We witnessed last Wednesday the first splintering crack in that foundation when supporters of the President, emboldened by his claims of a rigged election, stormed the Capitol and disrupted the lawful certification of election results. These thugs smashed windows, damaged federal property, occupied the halls of the Capitol, and sought to prevent Congress from certifying a free and fair election. This was a traitorous coup, an insurrection, designed to overthrow the will of the people. And while we all condemn the actions of those domestic terrorists and insurrectionists, we must not forget how we ended up here.
The events that unfolded on Wednesday didn’t just happen in a vacuum; this wasn’t some organic, spontaneous insurrection. Wednesday’s events are a direct manifestation of the President’s false claims of a rigged election. Had he not spent two months lying to the public about voter fraud, no one in that mob would have felt as though the election was stolen. Had he accepted the legitimate results of this free and fair election, Congress would not have fled the Capitol and been forced to postpone certifying a peaceful transfer of power.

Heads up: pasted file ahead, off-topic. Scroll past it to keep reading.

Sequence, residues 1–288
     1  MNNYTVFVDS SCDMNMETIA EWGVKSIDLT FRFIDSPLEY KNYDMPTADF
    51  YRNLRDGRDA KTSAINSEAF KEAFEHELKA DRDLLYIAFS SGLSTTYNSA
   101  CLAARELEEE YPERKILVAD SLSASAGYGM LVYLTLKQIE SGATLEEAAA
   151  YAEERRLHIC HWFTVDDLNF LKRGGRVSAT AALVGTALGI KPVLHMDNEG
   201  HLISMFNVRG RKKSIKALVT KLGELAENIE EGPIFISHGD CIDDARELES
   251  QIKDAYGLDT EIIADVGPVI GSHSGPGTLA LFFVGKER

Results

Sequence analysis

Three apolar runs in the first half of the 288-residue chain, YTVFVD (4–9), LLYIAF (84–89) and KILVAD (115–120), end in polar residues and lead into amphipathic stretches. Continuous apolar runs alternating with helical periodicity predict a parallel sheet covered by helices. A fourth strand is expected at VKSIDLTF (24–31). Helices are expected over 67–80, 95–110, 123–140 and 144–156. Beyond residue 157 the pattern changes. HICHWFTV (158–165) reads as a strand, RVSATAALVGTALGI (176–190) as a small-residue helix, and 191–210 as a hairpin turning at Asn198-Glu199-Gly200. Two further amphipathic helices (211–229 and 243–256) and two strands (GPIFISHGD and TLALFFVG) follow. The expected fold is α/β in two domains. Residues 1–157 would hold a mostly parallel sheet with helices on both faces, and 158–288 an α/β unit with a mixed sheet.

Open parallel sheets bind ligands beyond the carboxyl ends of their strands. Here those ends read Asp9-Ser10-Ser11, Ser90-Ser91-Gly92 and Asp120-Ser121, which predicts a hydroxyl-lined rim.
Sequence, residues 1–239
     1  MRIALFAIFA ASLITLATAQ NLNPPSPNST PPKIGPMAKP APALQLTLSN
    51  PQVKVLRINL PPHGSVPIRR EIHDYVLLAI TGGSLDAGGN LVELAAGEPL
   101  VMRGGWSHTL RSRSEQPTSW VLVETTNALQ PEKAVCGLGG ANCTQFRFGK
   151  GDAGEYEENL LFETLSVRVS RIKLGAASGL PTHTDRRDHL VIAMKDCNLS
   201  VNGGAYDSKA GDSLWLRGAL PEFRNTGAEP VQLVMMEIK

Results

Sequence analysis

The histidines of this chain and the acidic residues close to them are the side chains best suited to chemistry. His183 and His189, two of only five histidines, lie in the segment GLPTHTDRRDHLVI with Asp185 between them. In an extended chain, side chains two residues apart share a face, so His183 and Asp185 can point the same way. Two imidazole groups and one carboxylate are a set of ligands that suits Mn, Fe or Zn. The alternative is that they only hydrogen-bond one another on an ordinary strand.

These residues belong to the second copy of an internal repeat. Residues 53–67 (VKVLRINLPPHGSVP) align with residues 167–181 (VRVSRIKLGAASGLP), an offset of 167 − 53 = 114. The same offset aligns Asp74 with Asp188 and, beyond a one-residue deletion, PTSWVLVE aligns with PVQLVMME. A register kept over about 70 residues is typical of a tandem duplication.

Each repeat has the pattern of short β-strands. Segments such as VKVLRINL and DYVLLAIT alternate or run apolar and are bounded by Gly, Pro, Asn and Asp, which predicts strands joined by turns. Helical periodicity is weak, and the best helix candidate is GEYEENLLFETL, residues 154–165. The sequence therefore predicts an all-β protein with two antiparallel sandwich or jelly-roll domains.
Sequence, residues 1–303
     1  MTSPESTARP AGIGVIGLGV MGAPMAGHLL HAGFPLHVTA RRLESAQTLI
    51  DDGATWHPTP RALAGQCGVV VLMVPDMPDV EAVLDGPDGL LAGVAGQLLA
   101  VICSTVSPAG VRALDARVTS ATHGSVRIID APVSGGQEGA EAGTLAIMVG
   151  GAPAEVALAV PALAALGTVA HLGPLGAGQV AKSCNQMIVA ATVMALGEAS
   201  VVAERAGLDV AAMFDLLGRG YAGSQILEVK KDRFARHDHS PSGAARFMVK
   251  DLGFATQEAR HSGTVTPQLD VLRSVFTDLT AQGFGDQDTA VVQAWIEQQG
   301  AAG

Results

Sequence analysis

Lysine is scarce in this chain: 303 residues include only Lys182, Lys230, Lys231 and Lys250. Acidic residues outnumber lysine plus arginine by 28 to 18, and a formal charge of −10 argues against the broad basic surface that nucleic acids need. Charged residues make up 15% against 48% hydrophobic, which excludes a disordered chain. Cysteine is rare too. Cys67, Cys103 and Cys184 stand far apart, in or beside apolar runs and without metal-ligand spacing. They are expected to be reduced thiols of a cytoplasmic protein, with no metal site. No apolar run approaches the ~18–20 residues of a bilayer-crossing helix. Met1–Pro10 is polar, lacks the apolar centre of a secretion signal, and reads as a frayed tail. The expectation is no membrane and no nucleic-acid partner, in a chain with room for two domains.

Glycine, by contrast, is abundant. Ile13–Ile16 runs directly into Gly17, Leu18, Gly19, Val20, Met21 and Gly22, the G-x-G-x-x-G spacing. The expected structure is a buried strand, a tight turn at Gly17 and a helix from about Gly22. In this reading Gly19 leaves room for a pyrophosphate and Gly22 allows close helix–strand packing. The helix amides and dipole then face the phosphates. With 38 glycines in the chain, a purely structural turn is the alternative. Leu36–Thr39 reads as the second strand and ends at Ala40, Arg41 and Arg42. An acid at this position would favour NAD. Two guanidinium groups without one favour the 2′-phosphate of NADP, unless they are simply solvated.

At a certain point, we must be honest with ourselves. We have to acknowledge that President Trump’s words have consequences, that the bully pulpit he holds influences millions. For months, he lied about wide-spread voter fraud, and yet many believed him. When that crowd gathered in D.C., just hours before besieging the Capitol, he continued riling them up with these lies. And as these thugs stormed the Capitol, our temple of democracy, and disrupted constitutionally-mandated procedures, he watched, refusing to immediately call in the National Guard. His actions and, more importantly, his inaction crossed a line, and as a party of integrity, we must call for his conviction in the Senate impeachment trial.